Energy and action in ‘Premium Rush’
Kevin Noonan | Monday, August 27, 2012
With a name like “Premium Rush,” and a concept that revolves on the ever-fascinating world of bike messengers, it’s pretty safe to say that nobody walked into this movie expecting the next “Godfather.” Or even the next “Con Air.”
Yet, despite a laughable concept and a name that rings of parody, Joseph Gordon-Levitt’s latest thriller succeeds as a light, fun, high-energy end of the summer action flick.
The film stars Gordon-Levitt (“The Dark Knight Rises,” “Inception,” “500 Days of Summer) as Wilee, a law school graduate turned bike messenger with a death wish. He speeds through New York City traffic with what has to be the absolute textbook definition of the term “reckless abandon.” His bike has no brakes and no gears, which means the only way he goes is fast, and he couldn’t stop if he wanted to.
Wilee completely buys into this lifestyle, continually railing against those who brake, either literally or metaphorically in life, especially his law school classmates who, in his eyes, live the slow life.
This attitude leads to relationship problems with his girlfriend, Vanessa, played by Dania Ramirez of “one of the extraordinarily beautiful women who inexplicably dated Turtle in ‘Entourage.'”
The films most interesting character, though, is Bobby Monday, played by Michael Shannon, who we last saw hooking up with Eminem’s mom in “8 Mile.” Monday is a corrupt NYPD detective with serious anger and gambling problems, and the two intersect one too many times and put Monday in a tight spot for money.
Wilee is ordered to pick up a delivery from his alma mater, and it turns out it’s his now ex-girlfriend’s roommate, a Chinese immigrant with a shady past, with a small envelope for delivery across town.
As soon as Wilee picks up the envelope, he runs into trouble from Monday on the quad, and his problems just get worse from there. The two race each other across town, intersecting paths for moments at a time for Wilee to show this cop how much more efficient it is to get through NYC by riding a bike and not fearing death rather than driving a car.
The film is a little ridiculous on a lot of levels. The simple fact that Wilee, and nobody else riding bikes at top speeds through traffic, only gets his stuff rocked once by a car, and even then gets right up and walks away, is a bit hard to believe.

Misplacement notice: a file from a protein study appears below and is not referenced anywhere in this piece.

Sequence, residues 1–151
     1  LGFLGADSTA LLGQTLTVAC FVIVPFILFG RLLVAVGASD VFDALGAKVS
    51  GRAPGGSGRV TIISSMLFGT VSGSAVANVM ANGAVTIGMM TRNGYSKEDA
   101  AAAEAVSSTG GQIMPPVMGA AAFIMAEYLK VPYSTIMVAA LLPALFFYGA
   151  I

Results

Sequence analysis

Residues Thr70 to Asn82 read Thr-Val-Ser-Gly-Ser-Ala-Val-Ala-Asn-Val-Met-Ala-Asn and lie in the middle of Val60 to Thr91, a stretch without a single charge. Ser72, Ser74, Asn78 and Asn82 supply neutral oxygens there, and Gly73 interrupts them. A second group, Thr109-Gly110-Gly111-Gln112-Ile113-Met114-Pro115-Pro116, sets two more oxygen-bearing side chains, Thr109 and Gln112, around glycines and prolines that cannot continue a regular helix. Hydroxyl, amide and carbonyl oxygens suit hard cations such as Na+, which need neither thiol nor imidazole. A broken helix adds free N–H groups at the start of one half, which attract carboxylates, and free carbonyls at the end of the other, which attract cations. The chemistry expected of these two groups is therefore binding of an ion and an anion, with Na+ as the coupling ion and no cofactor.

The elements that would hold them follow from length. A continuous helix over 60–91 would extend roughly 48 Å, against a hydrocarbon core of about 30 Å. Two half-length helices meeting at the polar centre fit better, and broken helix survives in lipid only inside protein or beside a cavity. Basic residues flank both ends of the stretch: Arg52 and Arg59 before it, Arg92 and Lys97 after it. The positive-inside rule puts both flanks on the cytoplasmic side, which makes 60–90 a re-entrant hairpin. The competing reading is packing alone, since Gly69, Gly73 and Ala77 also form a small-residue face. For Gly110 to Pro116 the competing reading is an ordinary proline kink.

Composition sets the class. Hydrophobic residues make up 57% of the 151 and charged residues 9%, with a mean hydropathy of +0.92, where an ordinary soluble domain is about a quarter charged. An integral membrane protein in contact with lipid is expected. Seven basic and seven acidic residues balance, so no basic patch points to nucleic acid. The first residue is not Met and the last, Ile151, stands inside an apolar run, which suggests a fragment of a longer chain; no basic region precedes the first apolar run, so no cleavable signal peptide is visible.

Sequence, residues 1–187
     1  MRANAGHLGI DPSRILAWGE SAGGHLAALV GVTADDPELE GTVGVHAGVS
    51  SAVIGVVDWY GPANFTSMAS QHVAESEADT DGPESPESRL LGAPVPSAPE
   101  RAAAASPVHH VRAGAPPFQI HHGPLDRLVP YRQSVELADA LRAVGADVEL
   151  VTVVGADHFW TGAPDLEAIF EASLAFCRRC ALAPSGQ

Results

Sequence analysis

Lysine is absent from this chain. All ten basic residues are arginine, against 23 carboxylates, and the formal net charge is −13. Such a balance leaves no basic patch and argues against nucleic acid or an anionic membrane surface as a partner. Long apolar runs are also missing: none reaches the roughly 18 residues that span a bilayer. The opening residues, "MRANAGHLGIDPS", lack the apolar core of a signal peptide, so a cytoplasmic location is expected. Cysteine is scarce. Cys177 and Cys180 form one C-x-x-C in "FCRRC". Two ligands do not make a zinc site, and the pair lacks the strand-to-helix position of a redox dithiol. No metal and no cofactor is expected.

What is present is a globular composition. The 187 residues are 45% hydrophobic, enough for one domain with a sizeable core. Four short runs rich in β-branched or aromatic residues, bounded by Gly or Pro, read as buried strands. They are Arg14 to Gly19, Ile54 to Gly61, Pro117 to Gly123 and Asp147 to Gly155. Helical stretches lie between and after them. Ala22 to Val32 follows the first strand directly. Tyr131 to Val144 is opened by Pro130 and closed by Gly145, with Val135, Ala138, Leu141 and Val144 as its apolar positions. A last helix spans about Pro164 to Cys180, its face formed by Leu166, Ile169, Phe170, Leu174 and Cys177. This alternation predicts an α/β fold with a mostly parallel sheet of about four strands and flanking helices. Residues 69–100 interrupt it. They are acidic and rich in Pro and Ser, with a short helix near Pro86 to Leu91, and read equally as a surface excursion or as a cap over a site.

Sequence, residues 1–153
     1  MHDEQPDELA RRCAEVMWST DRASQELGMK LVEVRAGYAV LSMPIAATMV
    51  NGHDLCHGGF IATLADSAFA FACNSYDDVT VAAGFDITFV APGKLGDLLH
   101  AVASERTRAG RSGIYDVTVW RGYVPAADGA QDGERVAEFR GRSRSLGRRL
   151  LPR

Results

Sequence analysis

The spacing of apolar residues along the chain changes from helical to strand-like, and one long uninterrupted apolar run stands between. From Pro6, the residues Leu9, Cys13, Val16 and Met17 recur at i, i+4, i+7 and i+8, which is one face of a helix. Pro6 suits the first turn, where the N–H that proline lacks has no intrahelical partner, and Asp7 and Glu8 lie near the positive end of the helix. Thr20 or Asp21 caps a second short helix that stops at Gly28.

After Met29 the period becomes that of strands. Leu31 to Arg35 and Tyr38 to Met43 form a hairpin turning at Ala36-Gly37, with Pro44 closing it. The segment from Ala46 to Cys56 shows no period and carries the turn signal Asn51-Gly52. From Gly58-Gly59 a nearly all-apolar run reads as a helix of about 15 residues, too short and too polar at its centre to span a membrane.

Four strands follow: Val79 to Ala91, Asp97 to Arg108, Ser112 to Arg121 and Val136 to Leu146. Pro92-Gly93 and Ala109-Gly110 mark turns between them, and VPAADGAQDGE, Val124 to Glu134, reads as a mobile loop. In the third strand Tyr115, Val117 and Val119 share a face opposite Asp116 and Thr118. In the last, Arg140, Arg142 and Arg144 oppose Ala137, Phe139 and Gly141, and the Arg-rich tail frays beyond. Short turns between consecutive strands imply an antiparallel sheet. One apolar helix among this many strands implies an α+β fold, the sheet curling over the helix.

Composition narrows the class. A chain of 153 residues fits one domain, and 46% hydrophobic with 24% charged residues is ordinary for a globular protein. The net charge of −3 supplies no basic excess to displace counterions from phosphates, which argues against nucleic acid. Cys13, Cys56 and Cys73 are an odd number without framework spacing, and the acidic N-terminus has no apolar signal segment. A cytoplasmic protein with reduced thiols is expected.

But the movie as a whole is just so fast-paced and high-action that the absurdity of the plot doesn’t really matter. Joseph Gordon-Levitt, as he has done ever since people started recognizing him as a legitimate actor, has a quietly commanding presence on the screen that sets the tone of complete intensity for the entire film.
Michael Shannon’s character is almost reminiscent of a cartoon villain, with the creepy high-pitched laugh and everything. But he’s so bad and he delves so deeply into the caricature he’s playing that it’s incredibly fun to watch.
Director David Koepp’s choreography of the action sequences in the film is, if not perfect, at the least entertaining. Wilee’s split-second decisions in traffic are broken down into extreme slow motion, giving a campy feel to what might happen if he makes a wrong decision. The fun way Koepp handles those shots keep the film from taking itself too seriously, certain suicide for a story like this.
With so much high-intensity and jittery action, one might expect to see more use of the shaky cam technique, a standard set by the first three “Bourne” films that has perhaps spoiled audiences.
All in all, even though Shannon steals some scenes, Gordon-Levitt once again continues to show his wide range of talents and unquestionable ability to carry a film on his shoulders, and this bike messenger thriller proves decidedly watchable.
Contact Kevin Noonan at firstname.lastname@example.org